The Deal: Lehman Makes Its Mark on Bankruptcy's Landscape
And while five years have gone by since the epic Chapter 11 filing on Sept. 15, 2008, its influence remains strong. For example, the movement behind the possible creation of a Chapter 14 of the U.S. Bankruptcy Code that would just be for financial institutions is a direct response to Lehman.
Meanwhile, the Lehman petition was clearly the impetus behind at least one piece of legislation, the Dodd-Frank Wall Street Reform and Consumer Protection Act, designed to improve accounting transparency among financial institutions and prevent future taxpayer bailouts of them.
Less clear is how "the skinniest Chapter 11 petition in history," as debtor counsel Harvey Miller of Weil, Gotshal & Manges LLP called it recently, inspired the speed at which bankruptcy sales were done in the cases of General Motors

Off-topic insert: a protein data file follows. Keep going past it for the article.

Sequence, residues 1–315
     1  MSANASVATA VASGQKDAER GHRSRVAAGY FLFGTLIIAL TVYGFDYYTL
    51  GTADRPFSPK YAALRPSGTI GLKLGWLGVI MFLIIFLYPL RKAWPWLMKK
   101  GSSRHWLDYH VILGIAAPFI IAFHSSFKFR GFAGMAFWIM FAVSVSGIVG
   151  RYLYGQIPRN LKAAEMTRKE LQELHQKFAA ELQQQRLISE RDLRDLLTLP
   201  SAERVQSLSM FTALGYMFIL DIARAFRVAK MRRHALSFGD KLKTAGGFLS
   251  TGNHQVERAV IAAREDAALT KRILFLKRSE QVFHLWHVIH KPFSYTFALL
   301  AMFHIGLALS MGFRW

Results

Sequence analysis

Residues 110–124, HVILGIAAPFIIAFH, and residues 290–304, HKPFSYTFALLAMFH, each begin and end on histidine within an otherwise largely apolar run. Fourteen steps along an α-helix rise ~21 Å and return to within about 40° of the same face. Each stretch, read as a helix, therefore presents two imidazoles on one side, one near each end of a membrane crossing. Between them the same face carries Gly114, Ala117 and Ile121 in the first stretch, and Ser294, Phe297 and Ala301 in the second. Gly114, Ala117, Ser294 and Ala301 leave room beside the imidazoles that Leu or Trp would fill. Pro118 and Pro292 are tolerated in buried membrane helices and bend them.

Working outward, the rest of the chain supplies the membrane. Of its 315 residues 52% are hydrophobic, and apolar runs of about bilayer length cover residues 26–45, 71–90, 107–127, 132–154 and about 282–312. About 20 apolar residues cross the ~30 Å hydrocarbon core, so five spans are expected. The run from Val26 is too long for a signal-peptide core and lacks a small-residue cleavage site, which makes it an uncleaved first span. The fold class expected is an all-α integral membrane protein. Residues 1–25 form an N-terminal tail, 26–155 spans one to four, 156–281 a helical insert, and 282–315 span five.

Without question, general market turmoil, an economic freefall and widespread mistrust of the big banks and the regulators tasked with overseeing them followed the brokerage's implosion.
"Anyone who was in my overcrowded courtroom
The judge, who said he felt an "enormous responsibility" when randomly assigned the case, said the first few days of the case "will go down as the most momentous week in bankruptcy history, full stop." Right off the bat, Peck approved a $1.29 billion sale of Lehman's North American investment bank and brokerage assets to Barclays Capital
Chris Kiplok of Hughes Hubbard & Reed LLP, who represented Securities Investor Protection Act trustee James W. Giddens, stated that the Barclays transaction was one of several early case developments that marked "the end, in my mind, of the triage phase. ... We paused and saw that we had the right professionals on the case in the case ...